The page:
The recent uprisings in the Middle East were at the top of the agenda at the meeting of the Group of 8 meeting of the wealthiest industrialized nations on Friday. The G-8 includes the United States, Japan, Canada, Britain, France, Germany, Italy and Russia. Comparing the “potential in the Middle East” to the historic economic and social changes in Central and Eastern Europe that happened after the end of communism, the G-8 pledged $40 billion in new aid to Egypt and Tunisia, in the hope that shoring up their faltering economies could support their transition to democracy.
Individual G-8 members — some of whom are struggling with their own public debt — did not offer specific financial commitments, the Wall Street Journal notes. $10 billion is to come from the Persian Gulf countries of Saudi Arabia, Qatar and Kuwait. Over the next three years, more than $20 billion in aid is to come from international development banks such as the World Bank and the International Monetary Fund, in which the G-8 nations are top shareholders. However, as ABC News points out, a closer look at the package from the banks reveals that “some aid is not all that different from previous money for the region” that was given to authoritarian rulers, rather than emerging new democracies.
Underscoring their concerns about the drawn-out and violent crises in Libya, Syria and Yemen, the G-8 leaders emphasized that there will be “strings attached” to the financial support; this is to be “contingent on social and economic reforms, such as strengthening transparency in government and encouraging private-sector development.” As ABC News notes,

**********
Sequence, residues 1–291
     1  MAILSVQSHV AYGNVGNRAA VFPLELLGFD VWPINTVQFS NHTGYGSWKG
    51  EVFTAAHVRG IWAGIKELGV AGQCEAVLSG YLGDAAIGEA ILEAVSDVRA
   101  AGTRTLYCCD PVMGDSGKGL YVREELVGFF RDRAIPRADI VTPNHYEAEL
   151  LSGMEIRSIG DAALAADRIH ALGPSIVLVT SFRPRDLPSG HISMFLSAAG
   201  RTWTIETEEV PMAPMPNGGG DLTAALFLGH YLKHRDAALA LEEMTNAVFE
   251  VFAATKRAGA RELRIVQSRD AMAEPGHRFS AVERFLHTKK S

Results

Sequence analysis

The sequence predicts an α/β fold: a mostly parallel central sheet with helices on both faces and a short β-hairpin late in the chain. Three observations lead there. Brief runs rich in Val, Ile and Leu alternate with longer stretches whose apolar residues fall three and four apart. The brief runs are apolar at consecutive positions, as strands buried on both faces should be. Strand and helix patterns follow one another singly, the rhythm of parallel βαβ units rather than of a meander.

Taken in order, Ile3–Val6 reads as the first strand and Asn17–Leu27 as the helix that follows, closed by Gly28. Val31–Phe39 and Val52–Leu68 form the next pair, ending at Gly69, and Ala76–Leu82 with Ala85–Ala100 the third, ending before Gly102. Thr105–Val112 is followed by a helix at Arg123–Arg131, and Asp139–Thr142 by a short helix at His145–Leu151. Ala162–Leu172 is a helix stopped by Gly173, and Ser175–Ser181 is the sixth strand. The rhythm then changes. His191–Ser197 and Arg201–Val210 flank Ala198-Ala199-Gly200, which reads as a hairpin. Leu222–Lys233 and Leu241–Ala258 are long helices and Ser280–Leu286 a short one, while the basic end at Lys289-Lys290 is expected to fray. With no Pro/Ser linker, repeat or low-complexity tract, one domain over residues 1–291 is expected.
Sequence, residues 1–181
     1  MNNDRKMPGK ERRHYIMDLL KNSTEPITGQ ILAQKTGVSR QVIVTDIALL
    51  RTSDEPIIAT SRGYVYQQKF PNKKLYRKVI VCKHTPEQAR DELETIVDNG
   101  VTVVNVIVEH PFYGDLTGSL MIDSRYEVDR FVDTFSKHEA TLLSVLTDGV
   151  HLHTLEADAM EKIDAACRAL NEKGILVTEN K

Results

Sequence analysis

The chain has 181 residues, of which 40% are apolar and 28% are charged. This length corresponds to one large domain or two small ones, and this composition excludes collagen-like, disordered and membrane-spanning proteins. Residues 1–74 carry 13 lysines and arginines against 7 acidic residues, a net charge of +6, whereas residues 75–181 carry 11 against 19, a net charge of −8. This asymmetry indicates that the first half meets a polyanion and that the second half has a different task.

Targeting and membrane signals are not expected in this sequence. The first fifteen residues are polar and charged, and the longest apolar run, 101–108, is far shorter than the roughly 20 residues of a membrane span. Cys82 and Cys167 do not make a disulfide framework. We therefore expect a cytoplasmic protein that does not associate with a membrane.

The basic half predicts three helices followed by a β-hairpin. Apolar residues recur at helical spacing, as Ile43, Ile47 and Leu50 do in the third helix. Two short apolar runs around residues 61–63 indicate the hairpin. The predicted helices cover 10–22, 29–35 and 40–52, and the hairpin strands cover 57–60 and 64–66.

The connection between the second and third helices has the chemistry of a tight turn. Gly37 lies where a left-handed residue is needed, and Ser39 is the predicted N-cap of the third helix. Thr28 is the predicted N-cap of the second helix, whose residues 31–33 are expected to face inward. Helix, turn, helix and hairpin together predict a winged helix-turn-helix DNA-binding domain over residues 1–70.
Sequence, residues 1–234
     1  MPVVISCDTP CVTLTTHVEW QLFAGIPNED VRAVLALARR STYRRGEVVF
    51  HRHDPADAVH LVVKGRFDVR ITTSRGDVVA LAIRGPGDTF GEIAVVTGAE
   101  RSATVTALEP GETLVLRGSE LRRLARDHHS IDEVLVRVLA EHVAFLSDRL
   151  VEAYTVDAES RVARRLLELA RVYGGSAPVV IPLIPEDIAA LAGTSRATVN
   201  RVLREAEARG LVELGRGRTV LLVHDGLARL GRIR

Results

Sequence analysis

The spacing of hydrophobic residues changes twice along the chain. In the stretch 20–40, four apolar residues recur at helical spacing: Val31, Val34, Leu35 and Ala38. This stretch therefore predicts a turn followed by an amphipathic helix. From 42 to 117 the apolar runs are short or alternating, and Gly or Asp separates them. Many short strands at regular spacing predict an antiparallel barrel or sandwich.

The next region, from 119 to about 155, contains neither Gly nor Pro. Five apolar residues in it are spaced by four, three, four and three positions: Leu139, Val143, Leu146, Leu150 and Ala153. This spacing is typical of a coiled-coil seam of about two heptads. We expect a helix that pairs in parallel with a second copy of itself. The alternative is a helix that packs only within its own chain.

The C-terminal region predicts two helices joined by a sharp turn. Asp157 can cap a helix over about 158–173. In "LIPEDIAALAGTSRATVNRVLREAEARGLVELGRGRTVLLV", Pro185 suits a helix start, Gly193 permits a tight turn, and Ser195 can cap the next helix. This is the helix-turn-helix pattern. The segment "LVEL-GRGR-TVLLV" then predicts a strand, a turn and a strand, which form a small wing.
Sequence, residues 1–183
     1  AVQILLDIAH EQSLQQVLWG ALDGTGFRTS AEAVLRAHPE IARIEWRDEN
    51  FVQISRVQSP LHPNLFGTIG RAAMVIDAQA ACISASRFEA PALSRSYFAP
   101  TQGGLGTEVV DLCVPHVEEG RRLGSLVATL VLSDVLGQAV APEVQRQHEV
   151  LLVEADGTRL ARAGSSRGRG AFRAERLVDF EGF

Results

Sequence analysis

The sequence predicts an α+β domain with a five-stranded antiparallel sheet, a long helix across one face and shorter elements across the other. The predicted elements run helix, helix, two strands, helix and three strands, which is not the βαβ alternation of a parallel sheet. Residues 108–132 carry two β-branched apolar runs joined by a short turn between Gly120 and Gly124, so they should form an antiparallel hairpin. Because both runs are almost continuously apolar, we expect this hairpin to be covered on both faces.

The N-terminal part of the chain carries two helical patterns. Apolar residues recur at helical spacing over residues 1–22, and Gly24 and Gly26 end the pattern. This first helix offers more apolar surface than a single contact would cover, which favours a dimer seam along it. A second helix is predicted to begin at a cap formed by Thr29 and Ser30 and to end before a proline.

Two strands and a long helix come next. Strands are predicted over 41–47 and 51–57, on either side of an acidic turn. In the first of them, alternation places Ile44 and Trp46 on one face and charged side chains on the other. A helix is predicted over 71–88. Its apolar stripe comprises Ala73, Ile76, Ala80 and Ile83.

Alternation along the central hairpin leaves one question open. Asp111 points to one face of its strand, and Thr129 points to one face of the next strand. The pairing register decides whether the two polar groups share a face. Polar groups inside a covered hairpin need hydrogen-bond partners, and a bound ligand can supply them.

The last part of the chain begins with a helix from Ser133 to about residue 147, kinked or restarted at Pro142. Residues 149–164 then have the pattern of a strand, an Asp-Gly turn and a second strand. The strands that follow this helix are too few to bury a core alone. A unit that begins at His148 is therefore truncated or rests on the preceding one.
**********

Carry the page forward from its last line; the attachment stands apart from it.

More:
The overall message from President Barack Obama and the other G-8 leaders meeting in this Normandy resort appeared to be warning autocratic regimes in the Arab world that they will be shut out of rich-country aid and investment, while new democracies are encouraged to open their economies.
The Wall Street Journal also comments:
The Arab Spring carries high stakes for the G-8 nations—the U.S., U.K., Japan, Canada, Russia, France, Germany and Italy. For Europeans, democracy and prosperity in the region could provide new growth opportunities and prevent a further flood of unwanted migrants. The U.S., after wars in the Middle East, sees an opportunity for homegrown revolutions to promise stability in the region.
…In the short term, world leaders said they want to stabilize Egypt and Tunisia economically and politically as both nations move toward elections this year, to ensure they don’t revert to authoritarian practices. They are also laying the groundwork for new policies to support democracy to encourage protesters fighting for new rights in Libya, Syria, Yemen and other nations across the region.
The agreement was dubbed the “Deauville Partnership” after the French seaside town in which the G-8 leaders are meeting.
The G-8 also made a unanimous statement calling for the ouster of Col. Muammar el-Gaddafi of Libya, Russia having finally abandoned its support of him:
“Gadhafi and the Libyan government have failed to fulfill their responsibility to protect the Libyan population and have lost all legitimacy,” the G-8′s final communique said. “He has no future in a free, democratic Libya. He must go.” Officials said Russia had been invited to assume a role as mediator in the conflict between Col. Gadhafi and those looking for his removal. “This doesn’t mean that Monsieur Gadhafi can go back to barracks,” said Mr. Sarkozy. “He has to go.”
Mr. Sarkozy added that he had received an invitation from Libya’s National Transitional Council, the main opposition group to Col. Gadhafi, to visit Benghazi, a port city where the Council is based. Mr. Sarkozy said he intended to go, but would prefer to visit Benghazi with U.K. Prime Minister David Cameron, who commented that “President Sarkozy is always full of interesting ideas.”
G-8 leaders also agreed to increase pressure on Syria, saying that “further measures” would be sought should the Syrian government continue its violent crackdown of its citizens.
The leaders also supported President Obama’s call for an Israeli-Palestinian peace deal. However, they ”conspicuously left out a mention of his call for negotiations to be based on the 1967 borders,” as the New York Times observes. Stephen Harper, the newly elected conservative prime minister of Canada, had stated that he was opposed to references to any borders in the G-8 statement.
Photo by pfala.
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